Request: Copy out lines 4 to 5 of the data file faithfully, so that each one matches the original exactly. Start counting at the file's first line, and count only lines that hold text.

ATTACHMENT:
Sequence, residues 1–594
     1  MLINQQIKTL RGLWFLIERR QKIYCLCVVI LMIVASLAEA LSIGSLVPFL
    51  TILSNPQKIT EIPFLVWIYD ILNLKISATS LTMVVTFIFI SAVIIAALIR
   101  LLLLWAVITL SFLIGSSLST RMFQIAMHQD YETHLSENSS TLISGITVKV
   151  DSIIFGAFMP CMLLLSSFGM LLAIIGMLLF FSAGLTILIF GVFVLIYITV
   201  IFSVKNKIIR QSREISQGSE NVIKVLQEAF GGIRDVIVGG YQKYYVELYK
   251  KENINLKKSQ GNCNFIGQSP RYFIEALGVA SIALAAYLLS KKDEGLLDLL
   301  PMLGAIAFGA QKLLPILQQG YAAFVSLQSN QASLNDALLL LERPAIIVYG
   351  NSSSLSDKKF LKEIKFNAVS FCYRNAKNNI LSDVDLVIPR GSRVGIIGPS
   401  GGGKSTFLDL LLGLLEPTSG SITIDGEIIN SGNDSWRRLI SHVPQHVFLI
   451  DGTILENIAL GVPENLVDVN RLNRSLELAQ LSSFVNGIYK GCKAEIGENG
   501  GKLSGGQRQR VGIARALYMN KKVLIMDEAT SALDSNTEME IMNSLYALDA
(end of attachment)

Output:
   101  LLLLWAVITL SFLIGSSLST RMFQIAMHQD YETHLSENSS TLISGITVKV
   151  DSIIFGAFMP CMLLLSSFGM LLAIIGMLLF FSAGLTILIF GVFVLIYITV